Q: Our 13-year-old daughter has always been afraid of needles. When she got the chicken pox vaccine, she screamed and hid under the exam table, but eventually agreed to have the shot. As a result of that shot, she developed the skin infection cellulitis and now will not consent to get the HPV vaccine. She has even refused to have a dental filling, and the cavity has become so large she needs a root canal.
A: The majority of children experience significant fears while growing up. If these fears persist, become irrational and disrupt normal behaviours, they are called phobias, and the feared object (or even thinking about that object) can trigger tummy aches, headaches, breathing problems and other physical complaints. It’s called the fight-or-flight response, and most of us have encountered it in our lives. But your daughter’s phobia is affecting her health, so it needs to be addressed.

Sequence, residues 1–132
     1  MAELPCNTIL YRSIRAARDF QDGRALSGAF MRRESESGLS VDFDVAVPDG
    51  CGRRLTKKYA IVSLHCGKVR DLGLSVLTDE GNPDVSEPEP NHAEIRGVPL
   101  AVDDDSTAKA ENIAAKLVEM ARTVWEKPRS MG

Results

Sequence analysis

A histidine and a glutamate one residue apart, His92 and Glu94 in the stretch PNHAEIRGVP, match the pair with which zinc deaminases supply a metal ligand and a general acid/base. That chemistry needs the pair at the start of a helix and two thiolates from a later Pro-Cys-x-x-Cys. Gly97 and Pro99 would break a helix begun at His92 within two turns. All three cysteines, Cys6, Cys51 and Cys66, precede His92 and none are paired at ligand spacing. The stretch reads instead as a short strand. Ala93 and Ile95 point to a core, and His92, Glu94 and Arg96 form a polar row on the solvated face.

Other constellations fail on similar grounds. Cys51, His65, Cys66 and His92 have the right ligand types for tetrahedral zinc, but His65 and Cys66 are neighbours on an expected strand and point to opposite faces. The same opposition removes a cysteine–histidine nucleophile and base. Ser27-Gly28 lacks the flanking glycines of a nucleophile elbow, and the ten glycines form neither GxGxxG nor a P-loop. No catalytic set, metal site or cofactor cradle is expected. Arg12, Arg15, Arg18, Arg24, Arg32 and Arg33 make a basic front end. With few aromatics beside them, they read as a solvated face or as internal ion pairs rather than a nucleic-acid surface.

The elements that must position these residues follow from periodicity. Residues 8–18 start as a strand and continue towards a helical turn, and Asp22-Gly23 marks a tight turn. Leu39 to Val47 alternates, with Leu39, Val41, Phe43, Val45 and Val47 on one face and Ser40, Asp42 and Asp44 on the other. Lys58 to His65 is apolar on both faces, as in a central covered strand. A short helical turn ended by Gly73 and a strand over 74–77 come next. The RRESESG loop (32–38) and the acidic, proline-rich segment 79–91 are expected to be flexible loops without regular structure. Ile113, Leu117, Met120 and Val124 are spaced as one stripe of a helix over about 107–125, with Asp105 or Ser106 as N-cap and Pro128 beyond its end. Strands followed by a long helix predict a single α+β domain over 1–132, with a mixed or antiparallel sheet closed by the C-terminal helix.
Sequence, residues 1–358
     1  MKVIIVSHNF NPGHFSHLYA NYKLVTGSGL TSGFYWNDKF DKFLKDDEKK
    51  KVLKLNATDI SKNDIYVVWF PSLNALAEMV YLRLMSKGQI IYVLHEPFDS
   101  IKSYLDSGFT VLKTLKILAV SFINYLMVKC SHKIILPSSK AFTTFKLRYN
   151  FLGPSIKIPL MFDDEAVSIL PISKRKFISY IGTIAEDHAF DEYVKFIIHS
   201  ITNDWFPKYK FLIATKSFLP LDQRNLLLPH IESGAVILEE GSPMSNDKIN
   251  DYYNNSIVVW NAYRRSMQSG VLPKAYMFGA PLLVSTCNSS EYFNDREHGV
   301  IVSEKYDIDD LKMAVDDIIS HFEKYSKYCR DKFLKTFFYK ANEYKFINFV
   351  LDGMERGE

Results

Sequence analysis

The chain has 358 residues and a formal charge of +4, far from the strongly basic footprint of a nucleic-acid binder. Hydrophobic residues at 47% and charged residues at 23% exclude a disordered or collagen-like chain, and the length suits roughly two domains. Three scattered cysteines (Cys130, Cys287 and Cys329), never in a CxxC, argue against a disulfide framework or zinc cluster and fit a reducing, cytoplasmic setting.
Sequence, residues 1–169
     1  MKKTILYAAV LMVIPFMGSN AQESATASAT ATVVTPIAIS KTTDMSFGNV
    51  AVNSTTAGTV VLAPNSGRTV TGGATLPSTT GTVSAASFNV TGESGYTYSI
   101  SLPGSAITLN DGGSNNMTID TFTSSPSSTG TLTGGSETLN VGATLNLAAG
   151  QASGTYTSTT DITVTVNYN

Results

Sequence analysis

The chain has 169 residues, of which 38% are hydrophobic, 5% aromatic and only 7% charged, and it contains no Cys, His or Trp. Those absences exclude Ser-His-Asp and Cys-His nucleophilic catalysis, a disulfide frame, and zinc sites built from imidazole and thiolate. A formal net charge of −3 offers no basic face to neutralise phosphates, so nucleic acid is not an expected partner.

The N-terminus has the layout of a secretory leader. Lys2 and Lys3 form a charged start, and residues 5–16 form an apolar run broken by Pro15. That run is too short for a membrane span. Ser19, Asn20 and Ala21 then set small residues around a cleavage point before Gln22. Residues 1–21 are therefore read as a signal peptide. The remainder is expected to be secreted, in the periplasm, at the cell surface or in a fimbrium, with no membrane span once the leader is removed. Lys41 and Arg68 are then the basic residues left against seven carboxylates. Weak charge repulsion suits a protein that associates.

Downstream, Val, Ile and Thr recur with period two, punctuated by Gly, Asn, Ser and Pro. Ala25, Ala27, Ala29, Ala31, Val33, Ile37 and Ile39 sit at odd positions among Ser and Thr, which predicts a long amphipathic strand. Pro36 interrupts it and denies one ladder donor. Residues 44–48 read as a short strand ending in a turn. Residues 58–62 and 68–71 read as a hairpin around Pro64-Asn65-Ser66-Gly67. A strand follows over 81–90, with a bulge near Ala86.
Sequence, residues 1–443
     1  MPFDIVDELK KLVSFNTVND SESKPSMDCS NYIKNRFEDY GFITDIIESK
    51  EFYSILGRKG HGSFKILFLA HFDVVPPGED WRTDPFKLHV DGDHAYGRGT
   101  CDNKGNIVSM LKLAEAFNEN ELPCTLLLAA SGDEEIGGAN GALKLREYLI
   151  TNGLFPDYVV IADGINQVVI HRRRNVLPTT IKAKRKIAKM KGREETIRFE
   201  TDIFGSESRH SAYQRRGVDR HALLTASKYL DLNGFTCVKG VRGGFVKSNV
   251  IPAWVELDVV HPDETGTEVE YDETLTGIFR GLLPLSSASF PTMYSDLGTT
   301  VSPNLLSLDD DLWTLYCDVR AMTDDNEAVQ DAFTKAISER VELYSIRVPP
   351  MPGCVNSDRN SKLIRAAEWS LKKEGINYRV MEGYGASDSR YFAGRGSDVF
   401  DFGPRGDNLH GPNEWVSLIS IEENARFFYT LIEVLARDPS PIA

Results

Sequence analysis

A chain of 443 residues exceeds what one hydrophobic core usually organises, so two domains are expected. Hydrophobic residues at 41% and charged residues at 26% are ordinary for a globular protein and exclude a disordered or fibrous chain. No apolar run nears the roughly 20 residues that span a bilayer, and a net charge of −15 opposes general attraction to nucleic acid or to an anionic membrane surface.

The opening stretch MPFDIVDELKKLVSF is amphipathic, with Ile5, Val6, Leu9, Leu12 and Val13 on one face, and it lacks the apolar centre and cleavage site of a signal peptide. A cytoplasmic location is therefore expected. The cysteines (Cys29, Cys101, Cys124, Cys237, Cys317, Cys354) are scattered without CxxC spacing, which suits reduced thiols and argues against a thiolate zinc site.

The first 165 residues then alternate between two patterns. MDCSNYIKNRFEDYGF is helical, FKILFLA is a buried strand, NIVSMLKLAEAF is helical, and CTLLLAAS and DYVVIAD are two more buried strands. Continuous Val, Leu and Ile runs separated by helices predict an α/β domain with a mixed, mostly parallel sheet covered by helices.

Your family doctor can put you in contact with a specialist in desensitization and cognitive behavioural therapy techniques, which can help your daughter learn to cope with her fear of needles. The therapist will gradually introduce the thought of a needle: first maybe just imagining one, then seeing a picture, then having a wrapped needle in the room. She’ll also be taught relaxation techniques to use when she begins to feel panicky during these sessions, and taught to understand how her thoughts are making her fearful. For example, she may believe that every time she gets a shot she will contract cellulitis; the sessions will help her learn that although this is a possible complication, it is very rare.
The coping skills your daughter will learn through this kind of therapy will help her throughout life. Maybe I’ll even meet her in medical school someday!
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